Wednesday, May 4, 2011

Saying goodbye

I got the call after work one day.

“He has decided that it is time.  Monday we will talk to the doctors.”

My father-in-law who had suffered a fall back in August and became a quadriplegic instantly had made a decision that it was time to stop the suffering. Long months spanned in between that time. Travel, eating out, packing up our kids, hospitals, hotel rooms, 3 hour drives, just to be there and to soak in our time with him. We had hopes. One day he would come home. One day he would walk again. One day he would hold our newborn baby and feel the weight in his arms. One day he would wheel his chair around the shop and teach his son the ropes.

On the drive up the thought raced through my mind. What do I say? How do I say goodbye? How do you sum up so much and speak to a person for the last time here on earth?

I couldn’t.

We spent the day with him just like every other day we had spent with him since the accident.

When it was time we woke him from his nap and I looked into his eyes. “Bye.” In a whisper that’s all I had. That’s all that came out. His eyes closed. I turned away.

I was mad at myself for not saying more and at the same time had nothing more to say.

We drove home.

Silent, lost, confused, searching for answers to all of our questions. Empty.

He left this earth knowing he was loved and admired and missed.

For his service our preacher read this:

“Bill and I didn’t need to talk much. We could enjoy each other’s company without saying much. He meant a lot to me. One thing for sure is he was ALWAYS there for us no matter what. Like the time I decided it would be a good idea to put Dawn detergent in my dishwasher and ended up with a leaking brand new dishwasher and bubbles everywhere. He came right up to look at it and let me know what the problem was without making me feel like a total idiot.

No matter how difficult or messy the job was. If we needed help he was here. He was on our roof in the heat of the summer hammering black shingles to our new house so we could get it done. He helped build our deck and put every spindle in across the length of our house. That’s just to name a few.

I will never forget the winter before last when I put the Tahoe in the ditch on PP on my way to work. Within the hour he was there in knee deep snow to help me out. He drove his heatless truck there and waited with me until we got everything straightened out. Later that night Dale called him to come rescue him because the transmission went out in our car. Sun up to sun down he was there. He never complained or made us feel bad. He was there.

He was there to hold our babies and pace around the house with them. We thought he was spoiling them to death. Turns out that was exactly what he was doing and who cares if he was. He loved them there is no doubt about that and they loved him. We would see the joy in their eyes just about every Sunday of their little lives when he would walk in the door for dinner. He would yell, “Hey, What are you doin!” and they would scream GRANDPA! I miss that!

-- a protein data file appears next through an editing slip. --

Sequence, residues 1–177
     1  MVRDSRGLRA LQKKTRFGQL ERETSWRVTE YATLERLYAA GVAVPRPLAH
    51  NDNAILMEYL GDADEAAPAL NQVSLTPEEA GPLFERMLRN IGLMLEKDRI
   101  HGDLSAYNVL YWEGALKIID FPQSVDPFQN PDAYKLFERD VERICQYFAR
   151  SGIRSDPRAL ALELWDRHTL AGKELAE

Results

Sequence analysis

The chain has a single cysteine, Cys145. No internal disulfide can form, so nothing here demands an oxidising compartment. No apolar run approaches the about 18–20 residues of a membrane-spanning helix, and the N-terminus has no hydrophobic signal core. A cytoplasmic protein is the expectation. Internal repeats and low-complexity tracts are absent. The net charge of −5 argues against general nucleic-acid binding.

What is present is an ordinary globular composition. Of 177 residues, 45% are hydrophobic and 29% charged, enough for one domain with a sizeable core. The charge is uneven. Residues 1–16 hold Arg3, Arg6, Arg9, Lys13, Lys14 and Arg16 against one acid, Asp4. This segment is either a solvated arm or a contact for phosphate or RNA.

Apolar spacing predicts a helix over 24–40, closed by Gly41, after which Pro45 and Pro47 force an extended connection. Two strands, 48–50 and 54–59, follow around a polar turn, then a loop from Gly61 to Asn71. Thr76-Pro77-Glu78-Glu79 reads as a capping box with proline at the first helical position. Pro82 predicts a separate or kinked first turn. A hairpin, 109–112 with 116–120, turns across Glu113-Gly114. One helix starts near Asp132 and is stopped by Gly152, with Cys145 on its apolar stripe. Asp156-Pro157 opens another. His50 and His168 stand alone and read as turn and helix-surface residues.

We will hear it again someday though. Until then we will be careful, Bill. Especially careful. We will make sure their memories of you will stay strong in their minds. Even Weston. He didn’t have long with you, he never felt your touch, but when I took him out of the room you asked to get him back in there. We will make sure he knows all about you.

You were a selfless, kind, loving, hard working man that loved his family and friends beyond measure. I think that is evident by the out pouring of love and support they have all shown since the accident. They talk about your smile, your talent, your hard work. What a gift you have given me in your son and the characteristics you have passed to him. I’ll always be thankful to you for that. We’ll see ya!”

He made death easier to accept for us. Suddenly it didn’t seem so scary. He left his print in this world and touched the lives of others. Our selfish hearts are trying to heal and move on without him. In so many ways we are missing him. First days of school, holidays, first t-ball games, cooking out, working around the yard. He isn’t here when we got so used to him being here. We are missing him. There was a reason. There is a lesson. We are searching to find them. If nothing else, we realize just how precious our time is and how quickly things can change.

You can read our journey through this experience through these posts.


  1. I am so sorry. I will be praying for your family through this time. He sounds like he was amazing.

  2. What a beautiful tribute to an amazing and wonderful man.

  3. He sounds like he was an amazing man. I'm sorry for your loss.

  4. Oh I am so sorry to hear of this! I will pray for your family during this most difficult time!

  5. Oh, the tears ... I'm so sorry for your loss. What a wonderful message at his service.

  6. What a wonderful man. I am so sorry for your loss. He left you all with wonderful memories.

  7. I am so sorry for your loss. Your FIL sounds like an amazing man, friend, and father.

  8. What a beautiful post and tribute. I'm so sorry for your loss.

  9. Beautiful, thank you for sharing the memory and teaching a wonderful lesson.



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